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How Often Should You Bathe A Puppy? What You Need To Know!

Savanna Stanfield

Getting a new puppy can be really exciting, but it also comes with a lot of responsibility. On top of feeding and playing with the puppy, you also have to bathe him regularly to keep him clean and healthy.

Giving your puppy a bath at a young age can also help him get used to the idea of getting bathed. However, bathing your puppy too much can have negative effects on their already sensitive skin. So exactly how frequently should you give your puppy a bath? Keep reading for this information and more.

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How Often Should You Bathe a Puppy?

If your puppy is less than 8 weeks old, it’s not a good idea to give him a bath. For puppies that are older than 8 weeks but younger than 6 months old, you should bathe them once per month. Once your puppy gets older than 6 months old, it may be necessary to bathe him more frequently. But what is the reasoning behind these time frames? It all has to do with your puppy’s skin and fur.

When puppies are younger than 6 months old, they haven’t developed their full coat yet. They have what is known as a puppy coat. A puppy coat is a soft coat that essentially helps to regulate the puppy’s body temperature.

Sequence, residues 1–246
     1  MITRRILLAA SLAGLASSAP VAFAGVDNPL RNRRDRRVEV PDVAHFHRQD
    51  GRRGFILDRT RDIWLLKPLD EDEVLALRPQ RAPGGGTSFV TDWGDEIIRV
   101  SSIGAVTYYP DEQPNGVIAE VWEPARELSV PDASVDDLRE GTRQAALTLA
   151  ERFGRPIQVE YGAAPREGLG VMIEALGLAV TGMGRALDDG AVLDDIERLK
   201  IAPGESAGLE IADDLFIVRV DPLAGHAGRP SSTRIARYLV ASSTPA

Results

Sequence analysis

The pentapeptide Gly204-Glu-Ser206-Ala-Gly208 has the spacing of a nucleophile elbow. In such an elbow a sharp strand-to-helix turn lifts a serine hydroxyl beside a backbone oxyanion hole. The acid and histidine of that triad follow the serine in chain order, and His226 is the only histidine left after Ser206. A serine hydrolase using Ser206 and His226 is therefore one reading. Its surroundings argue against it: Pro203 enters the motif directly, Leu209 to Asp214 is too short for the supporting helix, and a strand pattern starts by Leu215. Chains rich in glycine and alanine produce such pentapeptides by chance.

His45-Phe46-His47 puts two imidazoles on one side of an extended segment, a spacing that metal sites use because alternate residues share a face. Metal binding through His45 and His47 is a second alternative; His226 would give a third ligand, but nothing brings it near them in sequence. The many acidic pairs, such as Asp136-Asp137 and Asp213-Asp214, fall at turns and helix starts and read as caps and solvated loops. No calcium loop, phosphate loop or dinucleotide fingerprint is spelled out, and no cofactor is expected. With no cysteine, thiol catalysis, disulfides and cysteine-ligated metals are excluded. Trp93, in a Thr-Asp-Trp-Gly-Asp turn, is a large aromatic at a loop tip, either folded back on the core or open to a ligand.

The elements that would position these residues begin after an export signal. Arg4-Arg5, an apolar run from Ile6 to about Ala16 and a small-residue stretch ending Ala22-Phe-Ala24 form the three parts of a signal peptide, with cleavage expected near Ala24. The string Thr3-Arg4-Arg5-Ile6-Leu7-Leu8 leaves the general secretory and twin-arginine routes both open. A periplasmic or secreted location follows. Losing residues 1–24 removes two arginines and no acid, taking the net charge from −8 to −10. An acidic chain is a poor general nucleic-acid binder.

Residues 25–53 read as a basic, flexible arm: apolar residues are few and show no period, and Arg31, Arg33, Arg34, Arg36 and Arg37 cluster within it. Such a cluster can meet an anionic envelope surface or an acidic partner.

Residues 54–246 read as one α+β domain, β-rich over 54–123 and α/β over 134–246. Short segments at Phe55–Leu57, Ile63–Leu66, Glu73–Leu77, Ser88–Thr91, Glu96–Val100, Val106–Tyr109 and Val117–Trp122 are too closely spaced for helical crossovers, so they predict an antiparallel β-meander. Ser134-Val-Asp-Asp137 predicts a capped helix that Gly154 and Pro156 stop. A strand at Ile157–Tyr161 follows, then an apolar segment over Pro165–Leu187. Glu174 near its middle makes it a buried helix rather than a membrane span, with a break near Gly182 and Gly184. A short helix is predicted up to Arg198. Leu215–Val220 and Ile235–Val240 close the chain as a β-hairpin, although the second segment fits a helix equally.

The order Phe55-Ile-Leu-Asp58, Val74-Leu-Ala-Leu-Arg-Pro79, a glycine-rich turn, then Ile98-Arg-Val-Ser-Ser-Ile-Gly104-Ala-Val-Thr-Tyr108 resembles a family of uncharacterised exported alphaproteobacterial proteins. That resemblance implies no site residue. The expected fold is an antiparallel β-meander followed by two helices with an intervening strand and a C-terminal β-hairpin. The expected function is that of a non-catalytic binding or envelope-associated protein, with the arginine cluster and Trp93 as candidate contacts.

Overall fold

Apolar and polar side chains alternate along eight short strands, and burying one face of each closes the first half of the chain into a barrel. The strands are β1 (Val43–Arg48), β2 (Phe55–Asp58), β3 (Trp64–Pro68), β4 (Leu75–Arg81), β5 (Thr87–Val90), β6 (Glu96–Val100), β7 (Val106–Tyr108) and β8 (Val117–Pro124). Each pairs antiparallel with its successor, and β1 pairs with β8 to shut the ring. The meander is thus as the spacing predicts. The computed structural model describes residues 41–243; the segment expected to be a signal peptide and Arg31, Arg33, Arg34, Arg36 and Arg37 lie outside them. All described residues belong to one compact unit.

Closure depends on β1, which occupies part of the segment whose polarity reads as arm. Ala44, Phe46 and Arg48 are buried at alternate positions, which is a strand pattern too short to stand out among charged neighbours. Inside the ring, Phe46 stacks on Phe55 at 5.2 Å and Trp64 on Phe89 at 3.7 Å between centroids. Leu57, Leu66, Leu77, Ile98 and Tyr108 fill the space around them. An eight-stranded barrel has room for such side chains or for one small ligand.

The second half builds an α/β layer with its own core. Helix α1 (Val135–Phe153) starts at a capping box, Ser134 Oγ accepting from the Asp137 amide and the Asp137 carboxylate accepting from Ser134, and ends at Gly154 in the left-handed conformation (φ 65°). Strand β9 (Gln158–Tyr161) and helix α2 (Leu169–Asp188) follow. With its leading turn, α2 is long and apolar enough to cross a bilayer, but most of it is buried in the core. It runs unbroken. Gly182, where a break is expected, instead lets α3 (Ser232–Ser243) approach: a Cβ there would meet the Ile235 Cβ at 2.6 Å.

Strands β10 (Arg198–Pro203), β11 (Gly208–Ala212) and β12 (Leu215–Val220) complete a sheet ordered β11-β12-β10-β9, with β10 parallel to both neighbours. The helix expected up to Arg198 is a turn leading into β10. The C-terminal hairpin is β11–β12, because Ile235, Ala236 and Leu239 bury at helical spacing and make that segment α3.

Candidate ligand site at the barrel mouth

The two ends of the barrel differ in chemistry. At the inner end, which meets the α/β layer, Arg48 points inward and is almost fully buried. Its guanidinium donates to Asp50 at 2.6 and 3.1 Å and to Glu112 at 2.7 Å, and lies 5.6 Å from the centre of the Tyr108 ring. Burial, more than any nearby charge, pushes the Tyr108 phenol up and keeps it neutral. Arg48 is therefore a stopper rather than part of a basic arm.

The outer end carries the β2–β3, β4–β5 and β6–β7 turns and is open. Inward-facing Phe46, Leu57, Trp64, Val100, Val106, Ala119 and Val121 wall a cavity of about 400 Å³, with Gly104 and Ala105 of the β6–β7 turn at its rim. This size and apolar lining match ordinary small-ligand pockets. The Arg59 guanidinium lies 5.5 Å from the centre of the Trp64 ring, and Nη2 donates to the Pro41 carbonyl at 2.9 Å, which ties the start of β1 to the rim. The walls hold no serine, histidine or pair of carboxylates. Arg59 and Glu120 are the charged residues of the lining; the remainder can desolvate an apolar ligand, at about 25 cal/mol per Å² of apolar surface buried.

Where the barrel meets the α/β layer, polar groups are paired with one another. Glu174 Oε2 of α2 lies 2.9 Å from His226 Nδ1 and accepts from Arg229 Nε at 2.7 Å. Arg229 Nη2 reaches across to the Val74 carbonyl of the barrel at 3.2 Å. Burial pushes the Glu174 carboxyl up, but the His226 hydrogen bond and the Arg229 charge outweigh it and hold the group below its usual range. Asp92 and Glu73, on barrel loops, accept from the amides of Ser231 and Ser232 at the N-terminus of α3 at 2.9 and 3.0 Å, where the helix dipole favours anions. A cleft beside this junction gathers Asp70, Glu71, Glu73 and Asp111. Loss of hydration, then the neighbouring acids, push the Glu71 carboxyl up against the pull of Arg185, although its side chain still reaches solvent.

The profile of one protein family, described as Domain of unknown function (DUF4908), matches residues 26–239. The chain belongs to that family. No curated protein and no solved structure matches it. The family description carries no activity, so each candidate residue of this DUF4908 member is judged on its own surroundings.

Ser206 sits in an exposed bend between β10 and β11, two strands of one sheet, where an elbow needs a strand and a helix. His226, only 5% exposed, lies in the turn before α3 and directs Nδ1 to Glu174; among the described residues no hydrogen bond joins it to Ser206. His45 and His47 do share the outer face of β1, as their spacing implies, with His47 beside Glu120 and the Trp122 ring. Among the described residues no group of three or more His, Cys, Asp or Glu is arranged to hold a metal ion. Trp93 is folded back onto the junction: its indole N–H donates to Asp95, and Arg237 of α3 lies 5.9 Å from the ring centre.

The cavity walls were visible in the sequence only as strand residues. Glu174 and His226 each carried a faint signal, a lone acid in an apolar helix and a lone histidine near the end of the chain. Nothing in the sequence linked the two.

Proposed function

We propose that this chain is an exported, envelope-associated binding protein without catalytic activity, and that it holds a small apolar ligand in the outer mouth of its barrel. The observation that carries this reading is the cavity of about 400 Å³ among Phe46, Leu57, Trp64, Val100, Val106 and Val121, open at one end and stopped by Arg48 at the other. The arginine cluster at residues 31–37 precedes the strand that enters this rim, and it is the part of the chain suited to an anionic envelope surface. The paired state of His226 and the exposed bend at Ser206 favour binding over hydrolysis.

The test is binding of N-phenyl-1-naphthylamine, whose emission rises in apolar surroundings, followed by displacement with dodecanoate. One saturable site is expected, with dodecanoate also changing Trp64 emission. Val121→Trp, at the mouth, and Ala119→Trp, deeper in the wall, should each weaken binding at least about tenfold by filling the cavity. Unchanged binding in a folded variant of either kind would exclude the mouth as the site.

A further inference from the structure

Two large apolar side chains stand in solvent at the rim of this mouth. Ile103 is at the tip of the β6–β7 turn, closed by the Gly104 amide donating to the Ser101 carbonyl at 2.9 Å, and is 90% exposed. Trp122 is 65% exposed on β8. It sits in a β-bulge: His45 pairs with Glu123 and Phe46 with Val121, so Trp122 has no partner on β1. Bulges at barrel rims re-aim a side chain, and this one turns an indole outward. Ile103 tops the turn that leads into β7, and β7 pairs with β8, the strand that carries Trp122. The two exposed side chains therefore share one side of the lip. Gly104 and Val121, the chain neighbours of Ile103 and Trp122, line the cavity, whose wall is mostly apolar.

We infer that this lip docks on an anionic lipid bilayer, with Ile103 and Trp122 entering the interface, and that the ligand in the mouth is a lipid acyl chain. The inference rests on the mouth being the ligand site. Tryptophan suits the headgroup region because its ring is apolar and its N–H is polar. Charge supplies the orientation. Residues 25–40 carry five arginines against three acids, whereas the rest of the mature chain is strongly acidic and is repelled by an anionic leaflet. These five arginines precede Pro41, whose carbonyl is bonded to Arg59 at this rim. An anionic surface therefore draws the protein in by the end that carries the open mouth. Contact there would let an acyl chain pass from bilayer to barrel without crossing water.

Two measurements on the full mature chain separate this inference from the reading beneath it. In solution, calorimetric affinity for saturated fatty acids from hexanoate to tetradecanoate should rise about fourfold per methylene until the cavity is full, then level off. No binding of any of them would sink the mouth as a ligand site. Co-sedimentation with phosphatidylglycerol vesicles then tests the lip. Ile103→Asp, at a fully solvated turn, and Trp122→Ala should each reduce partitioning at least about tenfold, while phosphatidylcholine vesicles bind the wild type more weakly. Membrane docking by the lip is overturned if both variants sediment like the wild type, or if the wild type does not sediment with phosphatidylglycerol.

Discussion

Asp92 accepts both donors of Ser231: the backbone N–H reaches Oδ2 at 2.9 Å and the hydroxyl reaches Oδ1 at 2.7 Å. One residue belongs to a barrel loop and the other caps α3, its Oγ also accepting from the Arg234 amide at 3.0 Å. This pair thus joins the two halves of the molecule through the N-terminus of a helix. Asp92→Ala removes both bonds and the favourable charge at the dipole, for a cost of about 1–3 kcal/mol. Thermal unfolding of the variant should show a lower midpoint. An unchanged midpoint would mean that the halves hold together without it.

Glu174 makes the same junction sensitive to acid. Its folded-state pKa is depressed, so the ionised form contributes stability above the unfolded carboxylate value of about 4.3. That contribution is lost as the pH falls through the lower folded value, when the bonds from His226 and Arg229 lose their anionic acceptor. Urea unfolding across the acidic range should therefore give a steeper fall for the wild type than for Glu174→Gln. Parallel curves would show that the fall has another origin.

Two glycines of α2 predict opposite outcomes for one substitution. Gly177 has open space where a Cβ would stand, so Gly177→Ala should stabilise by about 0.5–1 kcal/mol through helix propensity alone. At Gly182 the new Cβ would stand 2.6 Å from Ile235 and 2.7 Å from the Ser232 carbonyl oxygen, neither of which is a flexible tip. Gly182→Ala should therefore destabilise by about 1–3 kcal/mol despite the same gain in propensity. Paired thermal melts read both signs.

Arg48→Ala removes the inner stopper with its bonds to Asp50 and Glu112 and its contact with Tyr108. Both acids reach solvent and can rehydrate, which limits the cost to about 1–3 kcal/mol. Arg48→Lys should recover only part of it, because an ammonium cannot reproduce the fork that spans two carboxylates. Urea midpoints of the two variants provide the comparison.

But, the reason why you shouldn’t bathe a puppy that is younger than 8 weeks old is that puppies don’t have a puppy coat until they reach a few months of age. That means that they can’t regulate their body temperature on their own, so bathing them could cause them to get too hot or cold.

Once a puppy is a couple of months old, he will have grown a nice soft puppy coat. However, it is important to remember that this coat still isn’t as full and thick as the coat of an adult dog. This means the skin is more exposed. It is more sensitive to different things, including the shampoo that is used during bathing.

When puppies are bathed, shampoo not only cleans their fur but can also strip away some of the moisture and oils from their skin. Bathing a puppy too frequently can cause their skin to dry out. If a dog’s skin becomes too dry, it can become flaky, itchy, and can even lead to infections.

This is why the time frame of bathing once a month is recommended. It’s frequent enough to keep their fur clean while still getting them used to the concept of being bathed.

Of course, if your puppy rolls in mud or gets dirty in another way, it is okay to bathe him even if you’ve already bathed him this month. You just don’t want to bathe him daily or even weekly because it doesn’t give his skin enough time to produce the oils and moisture that help keep his skin healthy.